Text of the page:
FIG. 6 is an elevational side view of another embodiment of the invention disposed on top of a bone;
FIG. 7 is a front elevational view of the embodiment of FIG. 6;
FIG. 8 is an exploded perspective view of a portion of the embodiment shown in FIG. 6.
The present invention relates to instrumentation used in orthopaedic surgery, and, more particularly, relates to instrumentation used to prepare bone for receiving a prosthesis.
In an orthopaedic surgery to replace part or all of a patient's joint with a prosthetic implant, a portion of the implant receiving bone is prepared to closely match the mating surfaces of the implant. During an orthopaedic surgery to replace a knee joint, the distal end of the femur is prepared to accommodate a femoral knee component and the proximal end of the tibia is prepared to accommodate a tibial component.
In the preparation of the femur, for example, one or more milling templates are placed adjacent the distal femur in a specific order to resect portions of the femur in succession. These milling templates are generally individually aligned by the surgeon with reference to specific anatomic landmarks and a guide platform connected to an intramedullary rod. At times and in particular situations, the surgeon may wish to either utilize either a milling device or a cutting device to resect the bone. Presently, the surgeon has a choice of which device or technique to utilize, but for each of technique, a separate milling template or cutting guide has to be individually fixated and oriented to the bone.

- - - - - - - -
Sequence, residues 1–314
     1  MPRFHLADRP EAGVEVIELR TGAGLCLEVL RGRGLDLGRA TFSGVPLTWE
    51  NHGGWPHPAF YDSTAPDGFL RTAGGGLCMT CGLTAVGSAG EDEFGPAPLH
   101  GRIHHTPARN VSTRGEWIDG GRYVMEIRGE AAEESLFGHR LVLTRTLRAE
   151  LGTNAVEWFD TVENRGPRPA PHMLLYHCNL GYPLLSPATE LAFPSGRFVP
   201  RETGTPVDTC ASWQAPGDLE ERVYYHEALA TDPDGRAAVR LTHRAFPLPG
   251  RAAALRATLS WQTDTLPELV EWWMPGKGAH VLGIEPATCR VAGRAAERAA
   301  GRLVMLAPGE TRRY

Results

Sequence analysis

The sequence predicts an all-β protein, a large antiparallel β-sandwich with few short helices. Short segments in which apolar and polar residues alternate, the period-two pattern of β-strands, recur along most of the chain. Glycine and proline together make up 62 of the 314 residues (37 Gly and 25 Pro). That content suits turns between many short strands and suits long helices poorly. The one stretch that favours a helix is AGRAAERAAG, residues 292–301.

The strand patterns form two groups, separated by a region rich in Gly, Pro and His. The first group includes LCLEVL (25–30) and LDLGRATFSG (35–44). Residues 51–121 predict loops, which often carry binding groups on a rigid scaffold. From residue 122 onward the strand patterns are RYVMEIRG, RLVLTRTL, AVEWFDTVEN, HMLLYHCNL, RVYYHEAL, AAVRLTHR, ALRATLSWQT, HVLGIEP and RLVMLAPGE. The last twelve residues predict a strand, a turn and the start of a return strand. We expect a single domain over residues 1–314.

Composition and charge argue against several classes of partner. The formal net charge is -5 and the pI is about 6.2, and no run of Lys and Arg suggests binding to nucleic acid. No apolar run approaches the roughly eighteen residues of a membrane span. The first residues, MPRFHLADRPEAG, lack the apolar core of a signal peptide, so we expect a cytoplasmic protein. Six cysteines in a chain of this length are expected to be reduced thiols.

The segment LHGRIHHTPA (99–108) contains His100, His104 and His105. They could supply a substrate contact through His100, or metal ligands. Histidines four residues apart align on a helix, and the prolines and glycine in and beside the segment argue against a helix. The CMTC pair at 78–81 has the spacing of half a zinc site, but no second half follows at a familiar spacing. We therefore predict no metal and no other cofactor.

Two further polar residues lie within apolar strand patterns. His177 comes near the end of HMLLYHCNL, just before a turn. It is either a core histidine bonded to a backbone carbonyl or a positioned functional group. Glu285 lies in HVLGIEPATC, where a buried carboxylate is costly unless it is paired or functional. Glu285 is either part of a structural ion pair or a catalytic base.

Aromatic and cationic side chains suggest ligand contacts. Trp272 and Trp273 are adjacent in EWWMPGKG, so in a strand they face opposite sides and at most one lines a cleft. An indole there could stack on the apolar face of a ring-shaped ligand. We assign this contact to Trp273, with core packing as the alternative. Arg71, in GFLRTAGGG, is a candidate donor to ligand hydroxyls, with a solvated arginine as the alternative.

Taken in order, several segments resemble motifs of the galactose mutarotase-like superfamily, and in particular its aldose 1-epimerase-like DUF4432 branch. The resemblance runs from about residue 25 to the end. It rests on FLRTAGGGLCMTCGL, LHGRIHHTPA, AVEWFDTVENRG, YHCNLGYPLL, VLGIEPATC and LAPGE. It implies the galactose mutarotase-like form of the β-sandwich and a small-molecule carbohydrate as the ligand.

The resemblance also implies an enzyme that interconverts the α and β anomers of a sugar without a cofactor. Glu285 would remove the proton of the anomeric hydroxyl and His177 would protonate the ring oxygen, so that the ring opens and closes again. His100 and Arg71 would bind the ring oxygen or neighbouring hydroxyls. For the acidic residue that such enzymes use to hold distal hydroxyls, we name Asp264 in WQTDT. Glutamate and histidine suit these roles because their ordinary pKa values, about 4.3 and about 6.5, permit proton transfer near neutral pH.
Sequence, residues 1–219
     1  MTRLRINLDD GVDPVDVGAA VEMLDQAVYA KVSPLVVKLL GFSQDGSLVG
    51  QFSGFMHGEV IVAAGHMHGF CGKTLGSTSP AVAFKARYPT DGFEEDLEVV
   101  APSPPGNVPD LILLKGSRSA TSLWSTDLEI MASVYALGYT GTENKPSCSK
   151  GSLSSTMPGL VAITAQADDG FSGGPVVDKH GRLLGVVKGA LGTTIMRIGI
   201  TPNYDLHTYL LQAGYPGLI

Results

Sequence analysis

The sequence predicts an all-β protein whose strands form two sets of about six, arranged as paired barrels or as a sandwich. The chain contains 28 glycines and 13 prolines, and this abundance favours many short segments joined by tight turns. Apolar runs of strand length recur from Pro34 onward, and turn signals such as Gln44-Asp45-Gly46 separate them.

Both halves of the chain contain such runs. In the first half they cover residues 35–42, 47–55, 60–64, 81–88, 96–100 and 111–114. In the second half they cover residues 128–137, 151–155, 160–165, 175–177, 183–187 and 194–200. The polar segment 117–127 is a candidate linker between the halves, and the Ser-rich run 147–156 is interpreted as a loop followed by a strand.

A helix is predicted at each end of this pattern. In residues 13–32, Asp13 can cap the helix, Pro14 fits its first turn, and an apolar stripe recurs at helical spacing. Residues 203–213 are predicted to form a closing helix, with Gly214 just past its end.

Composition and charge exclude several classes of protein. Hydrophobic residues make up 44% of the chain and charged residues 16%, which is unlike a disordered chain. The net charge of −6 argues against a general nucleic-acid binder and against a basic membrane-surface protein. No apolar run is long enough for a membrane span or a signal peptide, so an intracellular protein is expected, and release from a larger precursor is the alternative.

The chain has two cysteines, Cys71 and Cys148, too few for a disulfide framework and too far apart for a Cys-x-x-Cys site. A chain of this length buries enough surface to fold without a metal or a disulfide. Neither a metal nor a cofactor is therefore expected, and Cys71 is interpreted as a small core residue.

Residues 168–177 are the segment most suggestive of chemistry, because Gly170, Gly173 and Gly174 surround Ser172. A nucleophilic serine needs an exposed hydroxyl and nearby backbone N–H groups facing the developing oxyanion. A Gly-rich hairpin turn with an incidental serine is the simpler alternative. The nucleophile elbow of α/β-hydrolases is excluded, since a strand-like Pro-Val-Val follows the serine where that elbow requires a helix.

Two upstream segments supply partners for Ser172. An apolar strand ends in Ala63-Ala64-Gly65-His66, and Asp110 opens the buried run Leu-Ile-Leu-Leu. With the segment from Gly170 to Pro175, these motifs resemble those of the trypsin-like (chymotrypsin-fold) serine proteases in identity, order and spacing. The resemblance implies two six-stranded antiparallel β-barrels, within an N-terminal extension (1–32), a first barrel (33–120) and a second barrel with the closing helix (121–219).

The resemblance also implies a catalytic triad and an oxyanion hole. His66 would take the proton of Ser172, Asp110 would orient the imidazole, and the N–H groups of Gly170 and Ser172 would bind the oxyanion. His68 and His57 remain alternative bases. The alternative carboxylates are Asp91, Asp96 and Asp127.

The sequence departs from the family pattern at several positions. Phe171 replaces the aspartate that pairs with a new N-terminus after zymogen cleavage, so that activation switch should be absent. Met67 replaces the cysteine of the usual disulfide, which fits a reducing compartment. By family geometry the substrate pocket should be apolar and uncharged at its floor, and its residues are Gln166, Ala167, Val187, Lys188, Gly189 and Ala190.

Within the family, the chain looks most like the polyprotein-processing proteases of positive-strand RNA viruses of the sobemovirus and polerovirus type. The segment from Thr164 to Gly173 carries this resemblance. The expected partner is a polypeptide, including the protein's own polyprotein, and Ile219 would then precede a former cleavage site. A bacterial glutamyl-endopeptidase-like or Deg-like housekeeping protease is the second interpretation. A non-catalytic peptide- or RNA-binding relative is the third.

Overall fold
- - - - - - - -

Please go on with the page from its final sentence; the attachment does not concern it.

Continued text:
What is needed in the art is a system allowing a cutting guide to be used in conjunction with a milling template without removing the milling template.
The milling instrumentation of the invention improves on the prior art systems by providing a milling guide connected to a bone, such as a femur, to which a surgeon may attach a cutting guide. The cutting guide may be utilized without removing the milling guide from the bone. A powered cutting device, having a blade connected thereto, is guided by the slots within the cutting guide, the blade passing through the milling guide and into contact with a portion of the bone.
An advantage of the milling template system of the present invention is that it provides a novel milling and cutting instrument for preparing a bone surface to accommodate an orthopaedic implant. Exactly the same fixation steps are utilized whether the surgeon is milling or cutting a bone.